Bond Law students take "two minutes with Hon Michael Kirby"
Bond Law students and members of the public had the chance to enjoy an audience with Former High Court Justice, Dr The Honourable Michael Kirby AC CMG, when he visited Bond University on Nov. 6.
The topic of his public lecture, which took place in the Faculty of Law, was “Dignity, Equality and Justice: The Belated Global Agenda for LGBTI.”
Dr Kirby spent the afternoon with Bond Law students before delivering his address, and judged the “Miscarriages of Justice Mooting Competition” in Moot Court 1 and took part in an interactive student session, “Two Minutes with Michael Kirby.”
The interactive session, run by the Bond Law Students’ Association, provided students with the opportunity to make a two-minute presentation on any topic and receive feedback directly from Dr Kirby.
The retired High Court Judge, renowned human rights expert and prominent social advocate has visited Bond University each November for more than 10 years. From his appointment as Deputy President of the Australian Conciliation and Arbitration Commission in 1975 through to his retirement from the High Court of Australia in 2009, Dr Kirby left an enduring mark on the legal profession as Australia’s longest serving judge.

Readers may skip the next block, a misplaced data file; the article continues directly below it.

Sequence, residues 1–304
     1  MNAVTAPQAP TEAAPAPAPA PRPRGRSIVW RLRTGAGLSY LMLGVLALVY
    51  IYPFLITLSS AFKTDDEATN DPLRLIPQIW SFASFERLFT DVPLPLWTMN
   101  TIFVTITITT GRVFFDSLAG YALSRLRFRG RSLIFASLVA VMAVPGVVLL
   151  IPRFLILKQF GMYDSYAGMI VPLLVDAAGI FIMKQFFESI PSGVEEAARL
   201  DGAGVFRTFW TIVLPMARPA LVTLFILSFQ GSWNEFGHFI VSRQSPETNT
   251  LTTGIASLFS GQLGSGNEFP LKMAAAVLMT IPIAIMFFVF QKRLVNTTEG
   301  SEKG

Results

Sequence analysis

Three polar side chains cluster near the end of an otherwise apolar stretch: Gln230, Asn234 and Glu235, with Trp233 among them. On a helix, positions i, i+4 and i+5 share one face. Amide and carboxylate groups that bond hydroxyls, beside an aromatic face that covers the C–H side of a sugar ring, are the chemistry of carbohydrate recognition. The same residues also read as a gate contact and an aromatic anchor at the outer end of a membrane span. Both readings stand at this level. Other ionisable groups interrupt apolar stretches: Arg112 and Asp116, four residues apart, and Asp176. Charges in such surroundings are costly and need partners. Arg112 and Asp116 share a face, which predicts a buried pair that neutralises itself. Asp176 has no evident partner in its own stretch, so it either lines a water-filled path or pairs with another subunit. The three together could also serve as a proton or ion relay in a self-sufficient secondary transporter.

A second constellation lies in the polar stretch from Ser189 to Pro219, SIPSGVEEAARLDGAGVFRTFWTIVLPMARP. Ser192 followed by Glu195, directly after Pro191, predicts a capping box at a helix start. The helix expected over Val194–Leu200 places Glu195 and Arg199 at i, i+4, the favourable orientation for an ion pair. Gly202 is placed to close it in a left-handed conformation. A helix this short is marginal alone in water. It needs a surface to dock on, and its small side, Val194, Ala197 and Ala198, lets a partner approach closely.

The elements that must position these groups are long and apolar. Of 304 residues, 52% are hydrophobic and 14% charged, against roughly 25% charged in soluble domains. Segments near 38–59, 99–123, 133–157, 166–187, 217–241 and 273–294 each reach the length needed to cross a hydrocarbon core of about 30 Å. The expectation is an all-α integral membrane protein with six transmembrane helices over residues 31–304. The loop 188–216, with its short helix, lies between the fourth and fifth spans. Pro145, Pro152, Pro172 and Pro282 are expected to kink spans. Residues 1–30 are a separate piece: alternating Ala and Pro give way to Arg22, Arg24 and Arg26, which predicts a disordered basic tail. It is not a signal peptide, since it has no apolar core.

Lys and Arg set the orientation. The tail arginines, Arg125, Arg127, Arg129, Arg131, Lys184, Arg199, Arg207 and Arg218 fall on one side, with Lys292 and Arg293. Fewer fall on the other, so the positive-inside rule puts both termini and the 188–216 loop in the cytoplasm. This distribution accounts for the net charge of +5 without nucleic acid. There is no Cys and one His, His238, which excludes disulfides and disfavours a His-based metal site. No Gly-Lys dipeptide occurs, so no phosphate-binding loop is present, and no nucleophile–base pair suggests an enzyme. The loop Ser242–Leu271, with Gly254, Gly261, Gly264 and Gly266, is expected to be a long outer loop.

Bond Law School Juris Doctor
Program: Juris Doctor (JD)
Location: Gold Coast, Queensland
Semester intakes: January, May, September
Duration: 2 years
Application deadline: There is no official application deadline. Students from Canada should apply early, particularly if they are seeking entry for a September intake.
Entry Requirements for the Bond University Juris Doctor Program
- Applicants must have completed an undergraduate degree in any discipline in order to apply to the Bond JD program. Students who have not yet completed a bachelor degree may apply, as long as they will have graduated prior to commencing the program.
- Two reference letters are required.
- Applicants who have a cumulative average of 70% or above should apply to the program.
In common with most other Australian Law Schools, Bond does not use the LSAT as an entry criterion.